Carbon monoxide binding was studied in a collection of de novo heme proteins derived from combinatorial libraries of sequences designed to fold into 4-helix bundles. The design of the de novo sequences was based on the previously reported "binary code" strategy, in which the patterning of polar and nonpolar amino acids is specified explicitly, but the exact identities of the side chains are varied extensively. The combinatorial mixture of amino acids included histidine and methionine, which ligate heme iron in natural proteins. However, no attempt was made to explicitly design a heme binding site. Nonetheless, as reported previously, approximately half of the binary code proteins bind heme. This collection of novel heme proteins provides a unique opportunity for an unbiased assessment of the functional potentialities of heme proteins that have not been prejudiced either by explicit design or by evolutionary selection. To assess the capabilities of the de novo heme proteins to bind diatomic ligands, we measured the affinity for CO, the kinetics of CO binding and release, and the resonance Raman spectra of the CO complexes for eight de novo heme proteins from two combinatorial libraries. The CO binding affinities for all eight proteins were similar to that of myoglobin, with dissociation constants (Kd) in the low nanomolar range. The CO association kinetics (kon) revealed that the heme environment in all eight of the de novo proteins is partially buried, and the resonance Raman studies indicated that the local environment around the bound CO is devoid of hydrogen-bonding groups. Overall, the CO binding properties of the de novo heme proteins span a narrow range of values near the center of the range observed for diverse families of natural heme proteins. The measured properties of the de novo heme proteins can be considered as a "default" range for CO binding in α-helical proteins that have neither been designed to bind heme or CO, nor subjected to genetic selections for heme or CO binding.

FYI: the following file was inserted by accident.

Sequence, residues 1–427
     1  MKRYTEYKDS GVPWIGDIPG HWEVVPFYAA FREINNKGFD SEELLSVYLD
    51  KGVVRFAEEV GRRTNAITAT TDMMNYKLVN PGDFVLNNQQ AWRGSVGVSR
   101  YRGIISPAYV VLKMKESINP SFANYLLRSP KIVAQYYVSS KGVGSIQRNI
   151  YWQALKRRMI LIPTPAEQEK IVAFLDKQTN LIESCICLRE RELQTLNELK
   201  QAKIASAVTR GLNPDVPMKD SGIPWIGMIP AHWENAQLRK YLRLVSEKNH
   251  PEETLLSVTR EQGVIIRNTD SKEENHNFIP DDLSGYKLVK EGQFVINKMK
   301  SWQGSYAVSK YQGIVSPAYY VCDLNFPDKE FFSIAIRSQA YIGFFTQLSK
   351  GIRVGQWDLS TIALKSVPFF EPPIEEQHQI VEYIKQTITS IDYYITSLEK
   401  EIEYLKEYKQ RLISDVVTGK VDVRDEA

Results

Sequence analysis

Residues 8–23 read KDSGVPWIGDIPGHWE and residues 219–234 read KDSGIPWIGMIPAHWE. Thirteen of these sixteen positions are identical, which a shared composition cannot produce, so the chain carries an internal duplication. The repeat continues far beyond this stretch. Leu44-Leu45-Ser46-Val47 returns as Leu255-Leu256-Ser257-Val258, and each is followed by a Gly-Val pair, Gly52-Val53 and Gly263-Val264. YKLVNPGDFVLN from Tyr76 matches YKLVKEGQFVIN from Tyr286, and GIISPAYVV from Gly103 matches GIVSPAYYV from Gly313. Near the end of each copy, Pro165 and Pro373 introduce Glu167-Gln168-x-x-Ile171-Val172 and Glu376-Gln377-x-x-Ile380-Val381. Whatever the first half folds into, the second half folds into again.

ASJC Scopus subject areas
- Colloid and Surface Chemistry